St. James Palace Skeleton Clock by Evans of Handsworth

  • This stunning bronze skeleton clock was made by Evans of Handsworth
  • Its design is modeled after St. James Palace in London
  • The clock operates on a two train fusée movement and is highly accurate
  • Timepieces by the celebrated Evans of Handsworth are particularly prized
  • Get complete item description here
Item No. 31-1448

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Depicting St. James Palace in London, this remarkable two-train fusée architectural skeleton clock is a wonderful specimen of 19th-century English clockmaking. Crafted by the preeminent firm of Evans of Handsworth, Birmingham, this rare architectural model became popular around the golden anniversary of Queen Victoria’s reign. The highly complex timepiece boasts a brass triple-layer frame, a characteristic found only in the most attractive and important Evans timepieces. Not only is this clock visually stunning, but it is also a mechanical triumph with its chain-driven fusée movement fronted by a porcelain face. Set upon its original rosewood marquetry base beneath a custom glass dome, this magnificent timepiece is among the finest examples of its kind.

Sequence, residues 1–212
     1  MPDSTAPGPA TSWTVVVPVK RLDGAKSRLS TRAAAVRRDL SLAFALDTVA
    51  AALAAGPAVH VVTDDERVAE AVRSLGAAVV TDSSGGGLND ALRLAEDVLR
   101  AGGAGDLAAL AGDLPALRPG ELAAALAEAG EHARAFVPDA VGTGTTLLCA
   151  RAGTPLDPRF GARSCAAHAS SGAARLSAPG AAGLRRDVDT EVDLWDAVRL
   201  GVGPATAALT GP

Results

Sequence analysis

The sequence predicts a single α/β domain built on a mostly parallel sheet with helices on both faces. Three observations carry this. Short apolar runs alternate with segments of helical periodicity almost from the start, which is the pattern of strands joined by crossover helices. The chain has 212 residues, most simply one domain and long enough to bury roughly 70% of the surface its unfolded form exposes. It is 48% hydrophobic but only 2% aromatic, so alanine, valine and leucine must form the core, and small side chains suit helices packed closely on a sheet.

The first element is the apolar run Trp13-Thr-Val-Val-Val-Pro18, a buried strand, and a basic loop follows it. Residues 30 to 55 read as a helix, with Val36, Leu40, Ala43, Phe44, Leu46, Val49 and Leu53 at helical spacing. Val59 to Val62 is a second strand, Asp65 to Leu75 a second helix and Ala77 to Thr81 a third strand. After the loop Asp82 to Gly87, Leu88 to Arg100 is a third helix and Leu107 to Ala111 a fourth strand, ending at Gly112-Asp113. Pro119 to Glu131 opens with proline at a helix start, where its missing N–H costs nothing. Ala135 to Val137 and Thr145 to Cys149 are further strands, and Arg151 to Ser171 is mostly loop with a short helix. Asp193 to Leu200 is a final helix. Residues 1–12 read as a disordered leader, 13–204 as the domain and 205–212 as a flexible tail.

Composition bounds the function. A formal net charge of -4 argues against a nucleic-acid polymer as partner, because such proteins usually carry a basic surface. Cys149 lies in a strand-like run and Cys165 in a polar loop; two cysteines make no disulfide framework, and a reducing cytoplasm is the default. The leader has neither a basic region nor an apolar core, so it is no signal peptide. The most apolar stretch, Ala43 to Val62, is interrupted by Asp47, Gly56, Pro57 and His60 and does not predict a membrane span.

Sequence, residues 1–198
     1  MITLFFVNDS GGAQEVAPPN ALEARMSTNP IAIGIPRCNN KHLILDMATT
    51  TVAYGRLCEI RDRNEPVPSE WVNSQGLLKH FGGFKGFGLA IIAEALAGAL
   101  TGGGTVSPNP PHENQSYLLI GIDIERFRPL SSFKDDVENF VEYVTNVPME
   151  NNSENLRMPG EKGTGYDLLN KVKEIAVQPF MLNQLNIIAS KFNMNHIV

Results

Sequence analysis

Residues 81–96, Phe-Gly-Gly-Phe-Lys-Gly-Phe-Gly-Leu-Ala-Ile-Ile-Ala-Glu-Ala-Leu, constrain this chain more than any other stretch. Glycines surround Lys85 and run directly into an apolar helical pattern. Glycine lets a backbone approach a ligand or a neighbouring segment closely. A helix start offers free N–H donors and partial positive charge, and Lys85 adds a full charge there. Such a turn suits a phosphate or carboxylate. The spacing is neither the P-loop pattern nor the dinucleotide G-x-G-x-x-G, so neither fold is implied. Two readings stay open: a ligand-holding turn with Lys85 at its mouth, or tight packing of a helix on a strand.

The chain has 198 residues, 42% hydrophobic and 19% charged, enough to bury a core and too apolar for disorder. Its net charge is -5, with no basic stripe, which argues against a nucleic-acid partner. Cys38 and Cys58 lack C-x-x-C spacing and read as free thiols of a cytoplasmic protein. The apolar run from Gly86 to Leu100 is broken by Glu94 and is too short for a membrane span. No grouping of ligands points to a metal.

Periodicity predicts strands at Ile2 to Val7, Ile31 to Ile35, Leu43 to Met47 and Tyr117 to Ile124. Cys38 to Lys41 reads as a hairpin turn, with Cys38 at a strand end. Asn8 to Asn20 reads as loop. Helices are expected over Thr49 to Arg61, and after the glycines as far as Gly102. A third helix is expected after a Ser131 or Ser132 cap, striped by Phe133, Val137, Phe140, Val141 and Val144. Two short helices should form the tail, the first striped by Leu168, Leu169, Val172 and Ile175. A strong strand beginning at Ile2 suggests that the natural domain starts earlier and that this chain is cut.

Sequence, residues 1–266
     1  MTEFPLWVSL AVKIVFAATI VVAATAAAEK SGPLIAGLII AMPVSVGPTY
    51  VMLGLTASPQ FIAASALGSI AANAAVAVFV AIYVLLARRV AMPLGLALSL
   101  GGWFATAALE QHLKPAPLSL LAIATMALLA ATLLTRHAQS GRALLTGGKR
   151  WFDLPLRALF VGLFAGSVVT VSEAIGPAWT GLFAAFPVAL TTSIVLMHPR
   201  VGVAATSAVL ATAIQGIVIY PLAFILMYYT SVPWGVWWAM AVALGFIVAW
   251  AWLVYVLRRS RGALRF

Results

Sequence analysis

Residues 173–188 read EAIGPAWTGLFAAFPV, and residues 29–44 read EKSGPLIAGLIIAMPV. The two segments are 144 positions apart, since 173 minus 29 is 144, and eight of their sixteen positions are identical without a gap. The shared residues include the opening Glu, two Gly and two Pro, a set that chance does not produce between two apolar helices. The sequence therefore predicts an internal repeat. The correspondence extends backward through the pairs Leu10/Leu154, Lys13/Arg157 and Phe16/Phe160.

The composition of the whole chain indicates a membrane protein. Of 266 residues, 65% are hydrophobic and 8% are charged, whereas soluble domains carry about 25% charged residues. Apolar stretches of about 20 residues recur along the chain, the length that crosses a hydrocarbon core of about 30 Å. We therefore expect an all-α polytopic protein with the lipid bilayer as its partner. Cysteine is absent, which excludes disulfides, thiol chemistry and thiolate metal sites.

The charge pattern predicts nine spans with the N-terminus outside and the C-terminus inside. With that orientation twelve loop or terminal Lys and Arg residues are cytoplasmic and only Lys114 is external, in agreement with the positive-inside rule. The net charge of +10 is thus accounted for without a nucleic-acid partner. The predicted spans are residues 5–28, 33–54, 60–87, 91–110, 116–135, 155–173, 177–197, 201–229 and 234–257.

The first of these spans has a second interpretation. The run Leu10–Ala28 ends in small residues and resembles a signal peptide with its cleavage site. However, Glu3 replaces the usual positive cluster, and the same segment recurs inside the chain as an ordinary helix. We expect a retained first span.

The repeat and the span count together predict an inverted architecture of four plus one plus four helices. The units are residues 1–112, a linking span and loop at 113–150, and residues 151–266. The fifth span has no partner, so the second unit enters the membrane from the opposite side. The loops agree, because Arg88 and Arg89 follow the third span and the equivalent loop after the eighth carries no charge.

The Birmingham firm of William F. Evans of Handsworth was one of the most respected makers of skeleton clocks. The golden age of their manufacture occurred during the second half of the 19th century, particularly from the 1860s through the 1880s, and the firm was renowned for the stellar quality, grand size and superior materials utilized in the creation of their clocks. 

Skeleton clocks are among the most exceptional and intriguing timepieces ever made and were designed to display as much of the working mechanism as possible. Often the result of the highest quality workmanship, skeleton clocks are actually some of the earliest clocks, some dating from the mid-16th century as drum clocks. Popularized around 1750 by the French, these timekeepers became the favorite of the English in the 19th century, when all the main centers of clock production — London, Liverpool and Birmingham — began to make the most exceptional examples.

Circa 1885

11 1/2" wide x 8" deep x 22 1/2" high
St. James Palace Skeleton Clock by Evans of Handsworth
Maker: Evans of Handsworth
Period: 19th Century
Origin: England
Type: Skeleton Clocks
Depth: 8.0
Width: 11.5
Height: 22.5

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